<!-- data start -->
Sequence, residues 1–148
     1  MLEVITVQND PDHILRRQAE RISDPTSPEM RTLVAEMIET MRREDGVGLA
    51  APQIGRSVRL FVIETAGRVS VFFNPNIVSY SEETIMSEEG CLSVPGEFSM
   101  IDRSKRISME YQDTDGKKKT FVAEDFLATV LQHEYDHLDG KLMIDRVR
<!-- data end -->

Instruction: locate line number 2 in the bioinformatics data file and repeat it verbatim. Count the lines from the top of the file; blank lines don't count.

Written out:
     1  MLEVITVQND PDHILRRQAE RISDPTSPEM RTLVAEMIET MRREDGVGLA